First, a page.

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LINGUIST List 19.3017

Sun Oct 05 2008

Books: Syntax/Semantics/Pragmatics/Ling Theories/Typology: Li

Editor for this issue: Hannah Morales <hannahlinguistlist.org>


Links to the websites of all LINGUIST's supporting publishers are available at the end of this issue.
Directory
        1.    Ulrich Lueders, Mandarin Resultative Verb Compounds: Li


Message 1: Mandarin Resultative Verb Compounds: Li
Date: 01-Oct-2008
From: Ulrich Lueders <lincom.europat-online.de>
Subject: Mandarin Resultative Verb Compounds: Li
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Title: Mandarin Resultative Verb Compounds
Subtitle: Where Syntax, Semantics, and Pragmatics Meet
Series Title: LINCOM Studies in Chinese Linguistics 06
Published: 2008
Publisher: Lincom GmbH
                http://www.lincom.eu

Author: Chao Li
Paperback: ISBN: 9783895860676 Pages: 174 Price: Europe EURO 66.00
Abstract:

This book undertakes two major tasks. First, it offers a lexical-semantic
account of Mandarin resultative verb compounds (RVCs) within the event
structure model of argument representation and argument realization
developed on the basis of Levin & Rappaport Hovav's work (particularly
Levin 1999 and Rappaport Hovav & Levin 1998). On this account, the complex
thematic relations expressed by RVCs result from different interactions of
the individual thematic relation expressed by each component of the
compound and the composite thematic relation expressed by the whole
compound, and from the different ways of realizing the Causer and the Causee.

Second, the book places the study of Mandarin RVCs in a larger context and
examines four aspects of Mandarin RVCs from a crosslinguistic perspective,
namely the subject-oriented reading (when the causing predicate is
unergative or transitive), the "scare reading," the occurrence in the
inchoative frame of a causative alternation, and the use of a stative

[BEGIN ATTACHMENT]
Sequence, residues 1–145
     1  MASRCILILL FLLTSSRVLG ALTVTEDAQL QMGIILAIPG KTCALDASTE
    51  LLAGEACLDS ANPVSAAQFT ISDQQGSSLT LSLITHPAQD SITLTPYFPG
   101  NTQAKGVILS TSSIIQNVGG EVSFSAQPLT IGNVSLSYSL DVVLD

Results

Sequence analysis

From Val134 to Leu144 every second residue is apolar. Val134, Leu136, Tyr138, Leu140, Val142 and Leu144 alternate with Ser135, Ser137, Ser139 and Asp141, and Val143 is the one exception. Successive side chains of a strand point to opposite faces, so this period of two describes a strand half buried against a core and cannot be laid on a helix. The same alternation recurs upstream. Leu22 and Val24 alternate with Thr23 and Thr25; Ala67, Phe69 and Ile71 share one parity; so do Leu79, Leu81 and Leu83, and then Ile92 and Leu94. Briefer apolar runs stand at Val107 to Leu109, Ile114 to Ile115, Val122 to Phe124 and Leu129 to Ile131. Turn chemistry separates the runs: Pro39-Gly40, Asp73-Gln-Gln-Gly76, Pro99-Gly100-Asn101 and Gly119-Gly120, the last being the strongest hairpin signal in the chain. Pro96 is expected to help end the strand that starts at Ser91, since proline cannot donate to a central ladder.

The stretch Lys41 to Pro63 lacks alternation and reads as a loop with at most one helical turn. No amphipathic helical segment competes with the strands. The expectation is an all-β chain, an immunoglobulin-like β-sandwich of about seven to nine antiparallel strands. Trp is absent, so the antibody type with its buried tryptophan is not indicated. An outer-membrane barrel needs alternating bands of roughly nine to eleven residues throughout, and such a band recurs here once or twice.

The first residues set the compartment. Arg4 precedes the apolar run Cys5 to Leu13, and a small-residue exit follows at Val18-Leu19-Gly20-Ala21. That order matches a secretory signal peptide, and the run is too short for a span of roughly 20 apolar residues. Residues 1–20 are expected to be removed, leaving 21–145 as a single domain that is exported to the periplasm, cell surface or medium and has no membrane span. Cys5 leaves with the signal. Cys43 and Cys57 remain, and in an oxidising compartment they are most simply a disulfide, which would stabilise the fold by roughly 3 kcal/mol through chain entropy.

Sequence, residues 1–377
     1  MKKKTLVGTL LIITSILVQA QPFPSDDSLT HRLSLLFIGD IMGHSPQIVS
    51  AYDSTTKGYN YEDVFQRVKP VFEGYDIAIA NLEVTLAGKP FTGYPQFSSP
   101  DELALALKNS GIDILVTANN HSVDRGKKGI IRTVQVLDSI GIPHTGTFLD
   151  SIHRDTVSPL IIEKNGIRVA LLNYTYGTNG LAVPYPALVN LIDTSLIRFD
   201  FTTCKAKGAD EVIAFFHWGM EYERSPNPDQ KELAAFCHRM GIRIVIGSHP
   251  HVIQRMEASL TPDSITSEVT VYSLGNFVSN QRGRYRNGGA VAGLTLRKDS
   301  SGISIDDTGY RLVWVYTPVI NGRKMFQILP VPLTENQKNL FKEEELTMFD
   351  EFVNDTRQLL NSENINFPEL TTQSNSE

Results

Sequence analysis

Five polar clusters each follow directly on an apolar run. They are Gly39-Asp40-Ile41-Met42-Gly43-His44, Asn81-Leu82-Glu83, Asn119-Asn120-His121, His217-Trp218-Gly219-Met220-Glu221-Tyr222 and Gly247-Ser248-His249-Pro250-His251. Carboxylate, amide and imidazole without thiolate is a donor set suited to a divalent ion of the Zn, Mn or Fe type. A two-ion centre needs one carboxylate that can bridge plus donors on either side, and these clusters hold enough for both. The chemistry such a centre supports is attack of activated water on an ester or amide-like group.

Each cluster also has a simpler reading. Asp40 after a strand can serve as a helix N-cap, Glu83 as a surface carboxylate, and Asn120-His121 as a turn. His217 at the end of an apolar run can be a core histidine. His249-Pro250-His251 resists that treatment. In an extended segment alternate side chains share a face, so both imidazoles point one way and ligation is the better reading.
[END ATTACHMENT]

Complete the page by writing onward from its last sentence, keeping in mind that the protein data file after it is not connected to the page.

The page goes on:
causing predicate. It shows that all these phenomena are
crosslinguistically marked and thus typologically significant. It argues
that the differences among English, French, German, Japanese, Korean,
Mandarin, Romanian, and Swedish with respect to the first three phenomena
fall out of the difference in the way the resultative is formed (namely,
compound resultatives vs. non-compound resultatives), the headedness of the
compound (and the degree of topic prominence of the language).

The lexical-semantic account proposed is of theoretical significance in at
least three respects. First, lexical (and syntactic) rules, like ordinary
lexical items, are language memory bank items, although they themselves are
not lexical items. As a result, there is no need to list the outputs of the
rules in the lexicon or in the language memory bank. In turn, it does not
necessarily lead to polysemy when the same verb is used in different
syntactic frames. Second, both simple event roles licensed by simple events
and complex event roles licensed by complex events should be recognized.
Finally, the division of labor should be maintained, syntax should be made
simpler, and the complete isomorphism between syntax and semantics should
be abandoned.

Linguistic Field(s): Linguistic Theories
                            Pragmatics
                            Semantics
                            Syntax
                            Typology

Subject Language(s): Chinese, Mandarin (cmn)

Written In: English (eng )

See this book announcement on our website:
http://linguistlist.org/get-book.html?BookID=37422


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